Actually I am just playing around here; I do not think the above equation is ever correct, but I am exercising my brain by pretending so. Though, now that I think more about it, sometimes we do take one idea and combine it with another and so develop a third that is greater than the sum of its parts. Let’s try it and see.
Georg Streidter in his text Principles of Brain Evolutionwrites that, though the idea is too general to offer much guidance for research, it is true the larger the brain, the more capable the species is in adapting to other niches, and that the larger the brain, the more the species engages in play. General yes, but also intriguing. Playful behavior speaks to a flexibility of behavior and indicates that the animal has greater degrees of freedom in developing actions that exploit opportunities and ameliorate exigencies, and that helps in adapting to the changing contingencies of the world. Plus, Jaak Panksepp in his book, Affective Neuroscience: The foundations of human and animal emotions, writes that rough and tumble play, e.g., mixing it up with conspecifics in various ways, promotes joyful feeling.
So we have the ideas that a larger brain relative to body size increases behavioral degrees of freedom, enables greater adaptation in the face of environmental challenges, and leads to greater play and that helps to generate joyful interactions with conspecifics. Now consider my idea about our lateralization, i.e., that the right hemisphere generally focuses on the current situation, especially the activity in the social domain, and the left hemisphere generally focuses on information displaced in time and space, especially information controlled through linguistic symbols. One observation neuroscientists have made is that, again generally, the emotional valence of right sided processes is somber, maybe sad but at least seriously practical, while the emotional valence of left sided processes seems lighter, even happy. I think this might be because right sided considerations concern the current activity where the situation is delimited and possible actions are proscribed, i.e., behavioral degrees of freedom are fewer because of the practicalities involved. Left sided considerations, concerned with some abstracted and symbolically constructed situation, involves many more degrees of freedom because the situation is fluid and possible actions open to creative solutions.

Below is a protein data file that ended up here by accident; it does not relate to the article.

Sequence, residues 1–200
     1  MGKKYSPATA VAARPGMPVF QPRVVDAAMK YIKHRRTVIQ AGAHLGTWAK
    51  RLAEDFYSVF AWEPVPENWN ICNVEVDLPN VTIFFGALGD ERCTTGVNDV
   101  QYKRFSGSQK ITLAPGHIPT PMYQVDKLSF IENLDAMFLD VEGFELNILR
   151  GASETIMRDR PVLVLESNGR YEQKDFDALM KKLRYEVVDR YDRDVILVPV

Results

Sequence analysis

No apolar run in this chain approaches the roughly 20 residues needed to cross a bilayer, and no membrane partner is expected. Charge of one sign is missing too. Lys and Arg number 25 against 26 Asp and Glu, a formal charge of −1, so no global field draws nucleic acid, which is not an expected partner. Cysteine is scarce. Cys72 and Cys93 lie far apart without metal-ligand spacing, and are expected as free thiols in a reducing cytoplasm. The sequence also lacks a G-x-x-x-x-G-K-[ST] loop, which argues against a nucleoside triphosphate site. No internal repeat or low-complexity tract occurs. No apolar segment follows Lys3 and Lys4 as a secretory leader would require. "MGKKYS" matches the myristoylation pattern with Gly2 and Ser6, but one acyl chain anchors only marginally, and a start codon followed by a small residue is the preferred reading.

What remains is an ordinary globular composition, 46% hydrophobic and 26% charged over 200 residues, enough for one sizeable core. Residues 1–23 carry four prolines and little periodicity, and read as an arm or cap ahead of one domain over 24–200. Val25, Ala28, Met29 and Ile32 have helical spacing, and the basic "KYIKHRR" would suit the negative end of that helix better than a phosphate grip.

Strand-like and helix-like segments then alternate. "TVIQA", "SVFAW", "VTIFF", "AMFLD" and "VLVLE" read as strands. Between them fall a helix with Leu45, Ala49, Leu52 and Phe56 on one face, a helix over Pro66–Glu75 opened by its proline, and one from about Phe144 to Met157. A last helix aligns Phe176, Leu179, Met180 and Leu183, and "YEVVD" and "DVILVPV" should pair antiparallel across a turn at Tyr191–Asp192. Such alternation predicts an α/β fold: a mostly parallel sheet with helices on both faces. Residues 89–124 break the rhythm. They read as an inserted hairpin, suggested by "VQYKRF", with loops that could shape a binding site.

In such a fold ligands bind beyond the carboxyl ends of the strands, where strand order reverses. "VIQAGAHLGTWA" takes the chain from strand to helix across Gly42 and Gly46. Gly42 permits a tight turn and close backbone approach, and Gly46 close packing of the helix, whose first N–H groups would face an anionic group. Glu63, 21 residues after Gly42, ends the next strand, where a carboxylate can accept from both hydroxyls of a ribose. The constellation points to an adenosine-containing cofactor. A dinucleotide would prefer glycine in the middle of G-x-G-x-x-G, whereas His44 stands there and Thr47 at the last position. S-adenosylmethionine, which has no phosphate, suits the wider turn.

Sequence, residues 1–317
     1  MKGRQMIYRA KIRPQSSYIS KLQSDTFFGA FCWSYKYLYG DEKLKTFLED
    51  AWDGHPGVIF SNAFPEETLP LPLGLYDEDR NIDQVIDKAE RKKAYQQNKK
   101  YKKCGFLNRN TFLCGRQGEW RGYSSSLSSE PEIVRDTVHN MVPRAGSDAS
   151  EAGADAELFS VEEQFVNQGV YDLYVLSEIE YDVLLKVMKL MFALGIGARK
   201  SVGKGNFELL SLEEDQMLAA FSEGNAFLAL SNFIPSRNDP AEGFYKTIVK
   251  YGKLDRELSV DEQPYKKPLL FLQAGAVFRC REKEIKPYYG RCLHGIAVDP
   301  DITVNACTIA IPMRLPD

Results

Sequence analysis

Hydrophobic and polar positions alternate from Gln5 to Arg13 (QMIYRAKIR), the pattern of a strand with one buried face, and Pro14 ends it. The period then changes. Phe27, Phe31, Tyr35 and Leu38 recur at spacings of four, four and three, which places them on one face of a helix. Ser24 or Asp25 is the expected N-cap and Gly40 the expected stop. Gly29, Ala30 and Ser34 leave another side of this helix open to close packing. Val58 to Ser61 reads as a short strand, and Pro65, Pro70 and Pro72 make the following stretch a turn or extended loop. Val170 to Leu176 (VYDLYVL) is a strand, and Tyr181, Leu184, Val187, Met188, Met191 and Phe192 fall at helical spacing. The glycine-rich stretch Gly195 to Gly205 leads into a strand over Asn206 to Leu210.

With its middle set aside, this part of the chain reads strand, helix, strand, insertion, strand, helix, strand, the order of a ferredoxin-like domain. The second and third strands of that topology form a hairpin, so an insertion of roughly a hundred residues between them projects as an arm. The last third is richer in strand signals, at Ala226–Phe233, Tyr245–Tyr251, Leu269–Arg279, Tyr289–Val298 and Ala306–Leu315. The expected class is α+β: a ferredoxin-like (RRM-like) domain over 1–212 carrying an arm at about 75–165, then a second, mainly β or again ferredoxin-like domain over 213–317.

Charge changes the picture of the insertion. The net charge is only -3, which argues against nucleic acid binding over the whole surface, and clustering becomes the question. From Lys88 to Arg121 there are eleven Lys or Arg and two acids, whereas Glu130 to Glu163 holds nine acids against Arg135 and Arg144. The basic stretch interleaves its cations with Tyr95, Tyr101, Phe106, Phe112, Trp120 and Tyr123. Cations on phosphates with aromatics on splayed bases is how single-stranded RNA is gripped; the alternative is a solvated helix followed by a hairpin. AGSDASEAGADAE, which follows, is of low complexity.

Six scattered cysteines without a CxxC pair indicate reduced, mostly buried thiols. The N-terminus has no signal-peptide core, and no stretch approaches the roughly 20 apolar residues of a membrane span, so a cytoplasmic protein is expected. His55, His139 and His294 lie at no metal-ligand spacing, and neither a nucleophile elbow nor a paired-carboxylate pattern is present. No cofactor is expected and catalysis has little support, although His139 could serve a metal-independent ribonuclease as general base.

Going a bit further, this difference seems to reflect the distinction between serious, practical engagement, e.g., work, and light-hearted speculative engagement, e.g., play. Now consider the famous masks of drama, tragedy and comedy, and how the plays end.
A tragedy usually involves a final action with little possibility for further development; the play ends with virtually no behavioral degrees of freedom for the characters. A comedy is the opposite; the characters leave the field of play, i.e., stage, to live happily ever after—the future is wide open with many degrees of behavioral freedom. Classical dramas followed this convention fairly closely. When we approach modern times, drama begins to reflect the curious muddle of our lives today. Just how does Waiting for Godot end for these characters of limited repertoire?